by Caitlin Finnerty
October 02, 2012
It’s easy to see why the Iroquois once called Pine Creek Tiadaghton, or “the river of pines.” A mix of hardwoods, including the eastern white pine and the eastern hemlock, now line its banks more than a century after the region was clear cut by Pennsylvania’s once-booming lumber industry.
Image courtesy fishhawk/Flickr
At close to 90 miles long, Pine Creek is the longest tributary to the West Branch of the Susquehanna River. But Pine Creek once flowed in the opposite direction—until a surge of glacial meltwater reversed the creek to its current southerly flow, creating the driving force behind Pine Creek Gorge. Named by the National Park Service a National Natural Landmark in 1968, the gorge is better known as the Grand Canyon of Pennsylvania.
At its deepest point, Pine Creek Gorge is 1,450 feet deep and almost one mile wide. Visitors can view the gorge (along with dramatic rock outcrops and waterfalls) from the east rim of the canyon in Leonard Harrison State Park. On the west rim of the canyon is Colton Point State Park, which features five stone and timber pavilions built in the 1930s by the Civilian Conservation Corps. And in the Tioga State Forest, approximately 165,000 acres of trees, streams and awe-inspiring views await hikers, bikers, hunters and more. Pine Creek is paralleled by the 65-mile Pine Creek Rail Trail, which a 2001 article in USA Today named one of the top ten places in the world to take a bike tour.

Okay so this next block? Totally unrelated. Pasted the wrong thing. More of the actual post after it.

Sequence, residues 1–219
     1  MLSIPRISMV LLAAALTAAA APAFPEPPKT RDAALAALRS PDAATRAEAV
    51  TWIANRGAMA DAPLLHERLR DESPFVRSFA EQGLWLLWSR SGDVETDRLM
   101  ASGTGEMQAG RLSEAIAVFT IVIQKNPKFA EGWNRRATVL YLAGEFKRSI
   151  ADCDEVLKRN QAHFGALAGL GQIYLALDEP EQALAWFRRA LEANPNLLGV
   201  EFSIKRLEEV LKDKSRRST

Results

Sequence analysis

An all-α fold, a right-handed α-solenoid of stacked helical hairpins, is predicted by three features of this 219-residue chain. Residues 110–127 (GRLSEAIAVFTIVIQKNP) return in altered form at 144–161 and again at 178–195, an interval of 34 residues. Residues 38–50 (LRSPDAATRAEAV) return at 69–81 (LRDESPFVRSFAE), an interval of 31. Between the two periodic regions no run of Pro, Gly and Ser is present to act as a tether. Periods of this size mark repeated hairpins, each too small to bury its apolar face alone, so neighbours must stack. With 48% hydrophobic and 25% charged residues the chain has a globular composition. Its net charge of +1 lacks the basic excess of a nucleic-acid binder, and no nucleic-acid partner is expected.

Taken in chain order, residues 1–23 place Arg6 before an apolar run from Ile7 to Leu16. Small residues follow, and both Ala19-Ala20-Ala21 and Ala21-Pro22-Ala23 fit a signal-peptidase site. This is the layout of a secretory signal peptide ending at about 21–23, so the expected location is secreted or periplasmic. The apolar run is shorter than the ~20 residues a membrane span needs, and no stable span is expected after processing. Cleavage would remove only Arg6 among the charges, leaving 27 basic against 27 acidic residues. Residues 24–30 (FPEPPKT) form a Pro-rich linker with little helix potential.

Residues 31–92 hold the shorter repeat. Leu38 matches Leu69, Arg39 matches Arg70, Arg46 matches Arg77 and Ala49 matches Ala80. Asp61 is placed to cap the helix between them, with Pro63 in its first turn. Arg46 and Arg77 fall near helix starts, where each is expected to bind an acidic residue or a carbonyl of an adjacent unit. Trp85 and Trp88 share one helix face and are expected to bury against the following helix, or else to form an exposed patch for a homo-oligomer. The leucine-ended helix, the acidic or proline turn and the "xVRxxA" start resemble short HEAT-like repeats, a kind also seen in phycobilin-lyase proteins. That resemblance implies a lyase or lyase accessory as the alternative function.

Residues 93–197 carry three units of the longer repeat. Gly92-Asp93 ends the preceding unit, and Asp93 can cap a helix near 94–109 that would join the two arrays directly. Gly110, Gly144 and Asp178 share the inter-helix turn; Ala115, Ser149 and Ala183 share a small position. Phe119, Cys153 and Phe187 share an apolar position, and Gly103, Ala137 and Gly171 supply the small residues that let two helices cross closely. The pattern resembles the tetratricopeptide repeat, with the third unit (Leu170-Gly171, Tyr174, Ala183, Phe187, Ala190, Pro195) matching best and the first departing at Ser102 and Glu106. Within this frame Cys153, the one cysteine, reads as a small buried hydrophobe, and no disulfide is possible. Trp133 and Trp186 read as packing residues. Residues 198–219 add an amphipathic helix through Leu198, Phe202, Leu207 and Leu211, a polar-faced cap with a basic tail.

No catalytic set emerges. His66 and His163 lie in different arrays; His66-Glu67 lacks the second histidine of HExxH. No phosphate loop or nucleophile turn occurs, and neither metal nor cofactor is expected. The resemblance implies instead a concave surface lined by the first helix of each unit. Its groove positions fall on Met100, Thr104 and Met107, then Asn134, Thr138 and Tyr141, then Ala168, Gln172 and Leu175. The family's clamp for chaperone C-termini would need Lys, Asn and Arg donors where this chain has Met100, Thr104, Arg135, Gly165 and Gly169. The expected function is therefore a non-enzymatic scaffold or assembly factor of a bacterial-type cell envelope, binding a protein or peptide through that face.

Image courtesy Travis Prebble/Flickr
More from Pine Creek:
- Take a virtual trip to see the beautiful views that Pine Creek Gorge has to offer with these images from photographer Curt Weinhold.
- Learn from an insider how to hike "the other Grand Canyon."
- Pine Creek Gorge is beautiful in the fall, but is worth a visit in winter, too! Miles of well-groomed trails await the adventurous snowmobiler.